Feature Reviews Reviews

AutoCAD Release 13

Publication Details:
Publication:“PC Plus”, UK
Date:May 1994
AutoCAD Release 13 splash graphic
Product Information:AutoCAD Release 13
Price at time of publication:£3,100
Supplier:Autodesk Limited
Fact Panel:
Minimum Requirements – Windows:486DX or Pentium; 16Mb RAM; 37Mb hard-disk space + 64Mb permanent swap-file; Mouse; Parallel port for hardware lock; DOS 5.0 or later; Windows 3.1, or Windows for Workgroups
Minimum Requirements – DOS:486DX or Pentium; 8Mb RAM; 26Mb hard-disk space + 20Mb disk swap space; VGA display; Mouse; Parallel port for hardware lock; DOS 5.0 or later
Available on:CD-ROM and 1.44Mb floppy disks
Optional Hardware:32Mb RAM; 200Mb hard-disk space; Printer or Plotter; Graphics Tablet
AutoCAD Release 13 - car wheel
It’s now much easier to create complex 3-dimensional objects with AutoCAD Release 13’s integrated solid modeller. It’s also possible to add material information to surfaces, making renderings more realistic.
AutoCAD icon

Feature Review: AutoCAD Release 13

The crown king of professional PC-based CAD program has just had a major revision – can it fend off the young pretenders? Tim Baty takes a look.

Love it or loathe it, AutoCAD is a hugely important CAD (Computer-Aided Design) program. It dominates the market, with over a million seats world-wide – more than all other PC CAD programs put together. However, the competition has increased significantly since Autodesk launched AutoCAD Release 12 three years ago – several established CAD suppliers have launched aggressively priced products which clearly target AutoCAD, offering high specifications and superior interface design. Autodesk have diversified into fields such as Product Design, Multimedia, and low-cost CAD, but AutoCAD is still perceived as their major product and is vital to their continued success. Against this background it’s essential to Autodesk that AutoCAD Release 13 is good enough both to attract new customers and to ensure that existing users remain loyal.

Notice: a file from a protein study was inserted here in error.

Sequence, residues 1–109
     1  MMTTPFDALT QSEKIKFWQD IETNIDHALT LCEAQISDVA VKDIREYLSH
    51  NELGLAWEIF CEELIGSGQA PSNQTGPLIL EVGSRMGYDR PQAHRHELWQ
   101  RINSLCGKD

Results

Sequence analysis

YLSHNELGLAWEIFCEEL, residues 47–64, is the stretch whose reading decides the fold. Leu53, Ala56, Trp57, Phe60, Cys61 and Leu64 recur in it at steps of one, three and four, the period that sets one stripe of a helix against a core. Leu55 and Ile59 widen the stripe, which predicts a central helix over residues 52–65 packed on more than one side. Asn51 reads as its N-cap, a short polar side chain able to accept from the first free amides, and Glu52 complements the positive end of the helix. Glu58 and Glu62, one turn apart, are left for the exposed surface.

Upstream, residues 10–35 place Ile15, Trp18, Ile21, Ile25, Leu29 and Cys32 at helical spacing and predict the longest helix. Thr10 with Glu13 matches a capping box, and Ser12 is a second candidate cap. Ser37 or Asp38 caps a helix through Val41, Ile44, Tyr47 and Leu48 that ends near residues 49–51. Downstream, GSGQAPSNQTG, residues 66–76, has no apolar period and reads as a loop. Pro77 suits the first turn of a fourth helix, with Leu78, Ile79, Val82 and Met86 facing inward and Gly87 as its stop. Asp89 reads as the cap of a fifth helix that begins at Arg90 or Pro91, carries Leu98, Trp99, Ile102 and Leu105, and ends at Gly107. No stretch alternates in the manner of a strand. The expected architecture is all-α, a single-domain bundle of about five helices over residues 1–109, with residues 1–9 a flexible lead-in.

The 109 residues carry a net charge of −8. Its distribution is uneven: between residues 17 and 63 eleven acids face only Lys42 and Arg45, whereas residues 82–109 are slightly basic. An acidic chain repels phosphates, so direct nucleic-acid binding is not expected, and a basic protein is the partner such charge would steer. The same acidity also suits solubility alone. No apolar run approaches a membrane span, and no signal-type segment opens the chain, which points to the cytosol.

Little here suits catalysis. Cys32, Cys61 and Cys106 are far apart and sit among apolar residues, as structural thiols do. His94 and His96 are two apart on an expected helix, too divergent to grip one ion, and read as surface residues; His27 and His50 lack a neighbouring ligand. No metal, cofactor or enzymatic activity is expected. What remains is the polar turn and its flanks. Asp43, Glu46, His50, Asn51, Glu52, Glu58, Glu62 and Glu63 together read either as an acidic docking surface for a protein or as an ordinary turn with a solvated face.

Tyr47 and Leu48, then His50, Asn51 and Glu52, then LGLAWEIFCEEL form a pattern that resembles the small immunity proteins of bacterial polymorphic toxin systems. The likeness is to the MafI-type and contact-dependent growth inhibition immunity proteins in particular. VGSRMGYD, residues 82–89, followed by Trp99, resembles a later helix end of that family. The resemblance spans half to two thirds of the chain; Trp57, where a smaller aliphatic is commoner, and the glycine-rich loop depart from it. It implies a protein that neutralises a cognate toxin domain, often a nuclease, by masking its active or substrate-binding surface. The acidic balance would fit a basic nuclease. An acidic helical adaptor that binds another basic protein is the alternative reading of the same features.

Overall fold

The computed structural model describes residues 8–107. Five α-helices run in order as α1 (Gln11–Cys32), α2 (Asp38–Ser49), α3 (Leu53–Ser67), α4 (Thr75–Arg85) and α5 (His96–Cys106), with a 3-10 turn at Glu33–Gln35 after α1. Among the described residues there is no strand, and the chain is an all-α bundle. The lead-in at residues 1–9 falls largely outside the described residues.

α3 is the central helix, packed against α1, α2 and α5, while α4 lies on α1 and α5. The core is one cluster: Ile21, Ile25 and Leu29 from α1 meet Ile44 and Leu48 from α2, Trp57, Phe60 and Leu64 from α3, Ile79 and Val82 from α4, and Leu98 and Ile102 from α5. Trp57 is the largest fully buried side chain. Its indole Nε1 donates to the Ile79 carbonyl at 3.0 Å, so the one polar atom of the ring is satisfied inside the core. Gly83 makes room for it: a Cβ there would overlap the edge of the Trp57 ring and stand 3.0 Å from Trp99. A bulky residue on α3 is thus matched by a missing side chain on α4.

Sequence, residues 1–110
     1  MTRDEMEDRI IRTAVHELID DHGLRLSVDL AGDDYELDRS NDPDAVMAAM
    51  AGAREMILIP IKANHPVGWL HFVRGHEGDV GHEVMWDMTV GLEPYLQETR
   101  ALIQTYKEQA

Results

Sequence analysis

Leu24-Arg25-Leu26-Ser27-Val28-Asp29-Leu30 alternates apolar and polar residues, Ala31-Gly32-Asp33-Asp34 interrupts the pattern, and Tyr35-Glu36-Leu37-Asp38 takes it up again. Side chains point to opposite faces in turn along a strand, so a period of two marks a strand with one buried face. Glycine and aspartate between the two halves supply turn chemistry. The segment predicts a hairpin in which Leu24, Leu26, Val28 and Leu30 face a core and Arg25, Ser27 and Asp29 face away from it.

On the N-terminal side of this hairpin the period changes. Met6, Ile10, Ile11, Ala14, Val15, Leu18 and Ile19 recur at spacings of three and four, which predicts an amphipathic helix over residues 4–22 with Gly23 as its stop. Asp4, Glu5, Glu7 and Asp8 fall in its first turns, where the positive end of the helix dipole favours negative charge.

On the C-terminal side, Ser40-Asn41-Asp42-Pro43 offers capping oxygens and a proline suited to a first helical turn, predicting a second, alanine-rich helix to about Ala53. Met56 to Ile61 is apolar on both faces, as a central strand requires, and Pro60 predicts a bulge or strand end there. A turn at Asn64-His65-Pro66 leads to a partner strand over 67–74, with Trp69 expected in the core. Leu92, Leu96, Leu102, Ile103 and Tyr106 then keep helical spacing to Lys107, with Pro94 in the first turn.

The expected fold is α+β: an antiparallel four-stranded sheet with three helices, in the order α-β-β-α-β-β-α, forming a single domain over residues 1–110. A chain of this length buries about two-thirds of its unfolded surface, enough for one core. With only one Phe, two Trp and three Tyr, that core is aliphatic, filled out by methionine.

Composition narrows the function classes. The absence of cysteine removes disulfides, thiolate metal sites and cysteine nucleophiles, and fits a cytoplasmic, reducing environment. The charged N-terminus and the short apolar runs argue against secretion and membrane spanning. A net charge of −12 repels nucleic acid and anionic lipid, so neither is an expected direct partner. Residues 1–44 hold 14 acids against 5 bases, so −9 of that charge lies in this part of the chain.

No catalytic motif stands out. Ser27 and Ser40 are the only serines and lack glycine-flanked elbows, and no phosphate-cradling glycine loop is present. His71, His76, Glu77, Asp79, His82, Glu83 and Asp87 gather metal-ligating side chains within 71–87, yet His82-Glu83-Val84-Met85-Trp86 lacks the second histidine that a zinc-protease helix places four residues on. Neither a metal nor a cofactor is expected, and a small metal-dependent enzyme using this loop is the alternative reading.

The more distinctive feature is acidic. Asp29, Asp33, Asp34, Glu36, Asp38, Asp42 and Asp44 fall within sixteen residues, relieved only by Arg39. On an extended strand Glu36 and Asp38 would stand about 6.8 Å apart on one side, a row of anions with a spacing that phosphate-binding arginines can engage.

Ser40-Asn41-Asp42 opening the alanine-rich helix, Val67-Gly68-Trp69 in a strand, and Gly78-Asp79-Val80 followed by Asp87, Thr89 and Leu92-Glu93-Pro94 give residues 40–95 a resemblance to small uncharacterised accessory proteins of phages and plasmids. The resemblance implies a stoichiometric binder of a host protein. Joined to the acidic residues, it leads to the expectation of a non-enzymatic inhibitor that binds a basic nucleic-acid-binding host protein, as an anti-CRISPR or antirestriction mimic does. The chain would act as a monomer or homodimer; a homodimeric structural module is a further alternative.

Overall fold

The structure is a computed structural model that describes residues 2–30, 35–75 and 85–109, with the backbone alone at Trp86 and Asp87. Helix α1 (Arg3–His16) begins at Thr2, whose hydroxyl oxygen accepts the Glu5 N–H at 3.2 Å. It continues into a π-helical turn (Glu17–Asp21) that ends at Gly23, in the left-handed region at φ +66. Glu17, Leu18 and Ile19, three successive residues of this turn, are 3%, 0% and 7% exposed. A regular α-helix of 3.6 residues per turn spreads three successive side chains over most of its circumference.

AutoCAD began over 10 years ago as a heavy-duty 2D drafting program, and all subsequent releases have built on this base – it still has one of the strongest feature-lists around for drawing preparation. Recent upgrades have concentrated on enhancing AutoCAD’s suitability for 3D design work, with 3D surfaces and simple rendering. Like all professional CAD applications, it’s a huge program, with hundreds of commands – high-quality dealer support and training are vital. Autodesk recommend about 2 man-weeks of training per user, which users can organise either through their dealer network or a widespread City & Guilds certificate scheme running at local colleges.